The Time-Crunched Cyclist Plan called for me to do 6 x 2 minute Power Intervals. That was good because it wouldn’t take too long to knock those out. I’d even had a little time left over and I had designs on measuring myself on a Strava segment.

The Power Intervals went well. I went to Nature Trail to do the workout because 1) it was close to my house, 2) it would cause me to put out a good amount of power over a short distance and 3) there wouldn’t be a lot of traffic to worry with. Actually, the first one went too well.

Of course, I was feeling pretty fresh as I started the first interval. I was seeing numbers in excess of 600 watts as I started up the 6% grade. Since the ground was disappearing beneath me at a rapid pace, I decided to just let it all hang out and see what would happen. What happened was I ended up running out of road. I had to turn onto Beverly in order to finish out my 2 minutes.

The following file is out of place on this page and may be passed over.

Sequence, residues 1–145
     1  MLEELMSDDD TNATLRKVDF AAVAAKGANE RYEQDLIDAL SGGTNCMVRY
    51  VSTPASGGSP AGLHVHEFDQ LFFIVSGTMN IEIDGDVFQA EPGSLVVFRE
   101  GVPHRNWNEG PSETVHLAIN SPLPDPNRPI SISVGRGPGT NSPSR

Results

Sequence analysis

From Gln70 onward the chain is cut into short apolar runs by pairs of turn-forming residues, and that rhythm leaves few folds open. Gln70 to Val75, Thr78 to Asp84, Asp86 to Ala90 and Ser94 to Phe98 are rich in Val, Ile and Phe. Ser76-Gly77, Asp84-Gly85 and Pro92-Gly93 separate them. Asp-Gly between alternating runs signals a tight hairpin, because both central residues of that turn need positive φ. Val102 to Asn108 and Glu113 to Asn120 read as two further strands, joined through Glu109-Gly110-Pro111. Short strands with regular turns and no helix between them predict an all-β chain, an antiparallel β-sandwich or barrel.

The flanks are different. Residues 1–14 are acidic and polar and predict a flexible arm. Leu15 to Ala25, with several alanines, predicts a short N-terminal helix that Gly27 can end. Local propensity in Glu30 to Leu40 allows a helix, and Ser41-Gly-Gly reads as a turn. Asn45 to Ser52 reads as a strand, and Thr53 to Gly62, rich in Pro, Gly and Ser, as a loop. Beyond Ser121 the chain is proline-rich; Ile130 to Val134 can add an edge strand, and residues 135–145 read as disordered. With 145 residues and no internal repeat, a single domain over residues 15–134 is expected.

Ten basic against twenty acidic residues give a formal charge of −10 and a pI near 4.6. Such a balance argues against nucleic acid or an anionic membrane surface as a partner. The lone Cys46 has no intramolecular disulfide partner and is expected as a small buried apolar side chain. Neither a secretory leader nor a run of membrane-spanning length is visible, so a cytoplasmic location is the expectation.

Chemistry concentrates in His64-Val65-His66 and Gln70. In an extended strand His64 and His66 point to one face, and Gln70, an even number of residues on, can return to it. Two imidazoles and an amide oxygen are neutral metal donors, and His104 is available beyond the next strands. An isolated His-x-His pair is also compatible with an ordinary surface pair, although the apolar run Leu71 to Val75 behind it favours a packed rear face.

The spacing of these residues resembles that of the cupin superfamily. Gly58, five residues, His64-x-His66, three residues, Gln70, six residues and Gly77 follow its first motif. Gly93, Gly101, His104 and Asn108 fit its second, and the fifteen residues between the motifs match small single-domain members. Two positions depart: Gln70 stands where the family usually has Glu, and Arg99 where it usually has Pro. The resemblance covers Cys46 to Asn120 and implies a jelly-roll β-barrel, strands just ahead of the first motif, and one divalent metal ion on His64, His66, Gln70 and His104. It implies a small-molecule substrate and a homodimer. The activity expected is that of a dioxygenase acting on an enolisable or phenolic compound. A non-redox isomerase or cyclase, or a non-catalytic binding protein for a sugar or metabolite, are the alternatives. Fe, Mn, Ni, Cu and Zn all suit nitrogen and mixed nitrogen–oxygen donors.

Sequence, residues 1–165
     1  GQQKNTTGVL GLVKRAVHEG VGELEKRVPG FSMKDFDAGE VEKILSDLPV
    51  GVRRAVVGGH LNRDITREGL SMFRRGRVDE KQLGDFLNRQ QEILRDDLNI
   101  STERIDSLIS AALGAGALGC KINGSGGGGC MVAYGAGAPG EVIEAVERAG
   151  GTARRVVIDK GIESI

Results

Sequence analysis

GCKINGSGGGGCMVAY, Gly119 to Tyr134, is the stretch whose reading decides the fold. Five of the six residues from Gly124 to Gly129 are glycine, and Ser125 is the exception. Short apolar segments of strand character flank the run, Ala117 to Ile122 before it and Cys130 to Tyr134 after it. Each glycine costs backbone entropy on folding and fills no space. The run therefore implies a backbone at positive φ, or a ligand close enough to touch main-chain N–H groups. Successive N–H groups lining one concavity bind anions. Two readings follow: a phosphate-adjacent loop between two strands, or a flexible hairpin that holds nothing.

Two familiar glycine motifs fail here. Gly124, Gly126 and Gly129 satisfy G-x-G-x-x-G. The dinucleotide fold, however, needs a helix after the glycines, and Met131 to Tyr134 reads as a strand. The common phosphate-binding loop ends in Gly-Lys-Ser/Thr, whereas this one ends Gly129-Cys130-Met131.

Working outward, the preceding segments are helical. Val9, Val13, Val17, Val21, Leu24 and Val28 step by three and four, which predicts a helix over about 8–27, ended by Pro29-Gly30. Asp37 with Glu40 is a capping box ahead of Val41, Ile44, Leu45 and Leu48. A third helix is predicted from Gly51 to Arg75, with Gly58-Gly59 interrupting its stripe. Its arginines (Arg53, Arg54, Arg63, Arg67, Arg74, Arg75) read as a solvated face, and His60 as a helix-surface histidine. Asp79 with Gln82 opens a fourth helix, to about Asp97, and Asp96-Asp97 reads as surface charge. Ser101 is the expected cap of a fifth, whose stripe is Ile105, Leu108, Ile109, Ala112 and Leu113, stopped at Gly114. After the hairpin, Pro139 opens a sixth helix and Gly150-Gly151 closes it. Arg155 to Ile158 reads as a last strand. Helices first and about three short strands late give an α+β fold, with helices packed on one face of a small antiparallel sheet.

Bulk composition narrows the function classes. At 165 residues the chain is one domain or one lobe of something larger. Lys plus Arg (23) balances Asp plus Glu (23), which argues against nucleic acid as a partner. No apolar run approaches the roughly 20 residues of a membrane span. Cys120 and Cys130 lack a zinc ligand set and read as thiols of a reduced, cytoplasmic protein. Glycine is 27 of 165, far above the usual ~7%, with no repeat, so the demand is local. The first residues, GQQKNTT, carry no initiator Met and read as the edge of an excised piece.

With that out of my system I settled down to do the next 5 intervals at a more reasonable pace. I was pretty pleased when all five of them came in within 20 watts of each other… the final four within 5 watts over 345 for each effort. Not having any appreciable drop off in power was a huge encouragement.

That done, I went in search of a KOM for Strava. To be honest, I knew it wouldn’t be a KOM, but I did want to improve my time on the Piney Mountain Climb segment. Before the ride, I was sitting a couple pages back on the list.

Now, the top seven places were held by professional riders during the USA Cycling Professional Road Championship. These guys were able to ride on the closed course coming off Paris Mountain at least at 50+ mph. This meant they had a good amount of momentum to get them up the first part — and steepest part — of Piney Mountain Road.

That being the case, I was pretty sure that I wasn’t going to get a KOM! However, I did want to see how fast I could make it up. Maybe, just maybe, I could unseat one of the pros.